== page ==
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unload

[uhn-lohd] /ʌnˈloʊd/
verb (used with object)
1.
to take the load from; remove the cargo or freight from:
to unload a truck; to unload a cart.
2.
to remove or discharge (a load, group of people, etc.):
to unload passengers.
3.
to remove the charge from (a firearm).
4.
to relieve of anything burdensome, oppressive, etc.:
He unloaded his responsibilities.
5.
to get rid of (goods, shares of stock, etc.) by sale in large quantities.
verb (used without object)
6.
to unload something.
7.
Informal. to relieve one's stress by talking, confessing, or the like.
Origin
1515-1525
1515-25; un-2 + load
Related forms
unloader, noun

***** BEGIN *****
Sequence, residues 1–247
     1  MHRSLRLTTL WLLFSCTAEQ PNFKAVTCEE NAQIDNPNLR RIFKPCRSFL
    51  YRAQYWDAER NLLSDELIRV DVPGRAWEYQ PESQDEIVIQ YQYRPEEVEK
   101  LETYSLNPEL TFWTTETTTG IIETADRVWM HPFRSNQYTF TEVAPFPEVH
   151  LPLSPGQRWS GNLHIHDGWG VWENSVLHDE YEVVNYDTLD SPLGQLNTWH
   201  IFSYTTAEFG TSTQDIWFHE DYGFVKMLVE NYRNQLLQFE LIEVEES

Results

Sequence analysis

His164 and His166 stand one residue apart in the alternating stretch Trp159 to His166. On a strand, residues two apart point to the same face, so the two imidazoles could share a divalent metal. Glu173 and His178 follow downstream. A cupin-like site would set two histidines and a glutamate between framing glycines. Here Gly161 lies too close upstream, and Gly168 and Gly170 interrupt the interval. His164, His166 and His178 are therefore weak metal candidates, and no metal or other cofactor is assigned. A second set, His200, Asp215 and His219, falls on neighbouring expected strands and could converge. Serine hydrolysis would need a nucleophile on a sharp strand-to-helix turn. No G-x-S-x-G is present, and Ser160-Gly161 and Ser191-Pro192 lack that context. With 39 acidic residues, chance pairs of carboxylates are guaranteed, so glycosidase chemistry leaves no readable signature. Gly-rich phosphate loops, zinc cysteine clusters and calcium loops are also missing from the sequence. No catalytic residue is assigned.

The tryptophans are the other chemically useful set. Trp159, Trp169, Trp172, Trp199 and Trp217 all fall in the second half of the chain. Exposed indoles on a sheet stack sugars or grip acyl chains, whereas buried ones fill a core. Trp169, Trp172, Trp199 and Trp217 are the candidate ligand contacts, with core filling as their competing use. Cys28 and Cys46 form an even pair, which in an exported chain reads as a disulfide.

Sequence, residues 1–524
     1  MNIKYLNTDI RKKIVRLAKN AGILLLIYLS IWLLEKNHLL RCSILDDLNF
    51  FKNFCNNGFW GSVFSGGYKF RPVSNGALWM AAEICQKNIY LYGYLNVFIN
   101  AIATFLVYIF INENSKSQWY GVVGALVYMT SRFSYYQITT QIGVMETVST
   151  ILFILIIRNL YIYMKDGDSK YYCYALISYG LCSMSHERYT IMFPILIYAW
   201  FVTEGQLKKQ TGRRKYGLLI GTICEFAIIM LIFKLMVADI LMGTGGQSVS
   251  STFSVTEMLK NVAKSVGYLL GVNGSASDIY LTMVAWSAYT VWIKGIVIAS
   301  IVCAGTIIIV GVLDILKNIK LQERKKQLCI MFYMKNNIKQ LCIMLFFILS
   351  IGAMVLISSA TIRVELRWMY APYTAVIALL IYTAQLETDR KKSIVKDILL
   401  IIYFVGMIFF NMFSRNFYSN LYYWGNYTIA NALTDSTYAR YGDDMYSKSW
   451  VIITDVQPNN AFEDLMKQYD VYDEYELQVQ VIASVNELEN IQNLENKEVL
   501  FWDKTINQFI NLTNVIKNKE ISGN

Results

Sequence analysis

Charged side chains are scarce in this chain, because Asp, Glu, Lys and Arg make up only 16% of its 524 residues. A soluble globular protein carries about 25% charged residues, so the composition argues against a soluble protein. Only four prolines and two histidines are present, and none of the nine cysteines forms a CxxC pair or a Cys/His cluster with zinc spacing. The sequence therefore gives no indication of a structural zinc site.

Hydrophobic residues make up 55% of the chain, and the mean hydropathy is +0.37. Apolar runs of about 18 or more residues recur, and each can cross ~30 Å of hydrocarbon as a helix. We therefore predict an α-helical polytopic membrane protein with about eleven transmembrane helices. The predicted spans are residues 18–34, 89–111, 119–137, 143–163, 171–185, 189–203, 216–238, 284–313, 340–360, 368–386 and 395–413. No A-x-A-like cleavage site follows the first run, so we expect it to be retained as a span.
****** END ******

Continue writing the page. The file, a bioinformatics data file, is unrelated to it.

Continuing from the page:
self-unloading, adjective
Dictionary.com Unabridged
Based on the Random House Dictionary, © Random House, Inc. 2014.
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British Dictionary definitions for un load

unload

/ʌnˈləʊd/
verb
1.
to remove a load or cargo from (a ship, lorry, etc)
2.
to discharge (cargo, freight, etc)
3.
(transitive) to relieve of a burden or troubles
4.
(transitive) to give vent to (anxiety, troubles, etc)
5.
(transitive) to get rid of or dispose of (esp surplus goods)
6.
(transitive) to remove the charge of ammunition from (a firearm)
Derived Forms
unloader, noun
Collins English Dictionary - Complete & Unabridged 2012 Digital Edition
© William Collins Sons & Co. Ltd. 1979, 1986 © HarperCollins
Publishers 1998, 2000, 2003, 2005, 2006, 2007, 2009, 2012
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Word Origin and History for un load

unload

v.

1520s, in reference to cargo, from un- (2) + load (v.). Figurative sense (in reference to feelings, etc.) is recorded from 1590s. Related: Unloaded; unloading.

Online Etymology Dictionary, © 2010 Douglas Harper
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